Deforestation has left elephants’ habitats smaller and more fractured
A mob of people in an Indian village have brutally attacked an elephant and her calf, hurling firebombs at the pair after they wandered onto farmland.
Photographs show the two elephants crossing a road fleeing a group of men who are launching flaming missiles at them.
The incident, in the village of Bishnupur – a remote settlement in West Bengal – appears to be part of an increasingly common phenomenon in the country where elephants were previously been regarded as a cultural icon.
The images, taken by photographer Biplab Hazra, highlight the extraordinary level of violence the endangered species faces as they try to survive in smaller, more fragmented habitats.
Herds of elephants can cause significant damage to crops, impacting people’s livelihoods. Some farmers use flaming torches to frighten elephants away from inhabited areas.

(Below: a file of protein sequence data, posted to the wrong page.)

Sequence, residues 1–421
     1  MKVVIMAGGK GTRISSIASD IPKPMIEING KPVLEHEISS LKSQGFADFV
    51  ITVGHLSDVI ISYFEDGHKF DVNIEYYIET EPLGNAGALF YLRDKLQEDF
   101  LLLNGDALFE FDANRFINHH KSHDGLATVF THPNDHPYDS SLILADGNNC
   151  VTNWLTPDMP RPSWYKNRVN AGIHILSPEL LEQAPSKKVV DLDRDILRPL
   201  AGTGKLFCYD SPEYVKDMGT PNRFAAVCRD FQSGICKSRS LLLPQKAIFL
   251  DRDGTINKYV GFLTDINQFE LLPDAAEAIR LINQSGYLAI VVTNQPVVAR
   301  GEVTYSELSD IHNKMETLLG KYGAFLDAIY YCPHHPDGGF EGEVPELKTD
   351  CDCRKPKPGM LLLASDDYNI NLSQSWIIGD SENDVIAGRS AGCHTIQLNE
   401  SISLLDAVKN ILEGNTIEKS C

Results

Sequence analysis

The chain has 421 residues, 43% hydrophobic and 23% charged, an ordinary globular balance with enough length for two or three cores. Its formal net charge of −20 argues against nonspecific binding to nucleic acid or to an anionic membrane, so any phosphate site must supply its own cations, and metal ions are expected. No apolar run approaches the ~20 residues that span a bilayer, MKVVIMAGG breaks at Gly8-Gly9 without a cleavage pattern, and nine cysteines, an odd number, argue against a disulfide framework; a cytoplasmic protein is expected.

“This happens because the villagers have to save their crops,” Mr Hazra told Caters news agency.
“There are many elephant corridors in human habitations. I’m trying to show this and spread my photos to increase public awareness on the matter.”
The large animals need to spend up to 19 hours a day feeding, and produce about 220 pounds (100kg) of dung a day.
Despite people being determined to drive elephants away from crops, the animals’ dung is a key means of spreading germinating seeds, and they play a crucial role in maintaining the integrity of forests and grasslands.
Indian elephants are listed as an endangered – one level above being critically threatened. Their wild population has fallen by over 50 per cent since the 1940s.
Tigers are also facing similar pressures. India’s booming human population and mushrooming towns and cities have seen forests shrink to become isolated islands, and when animals attempt to move between them, they are increasingly coming into conflict with humans.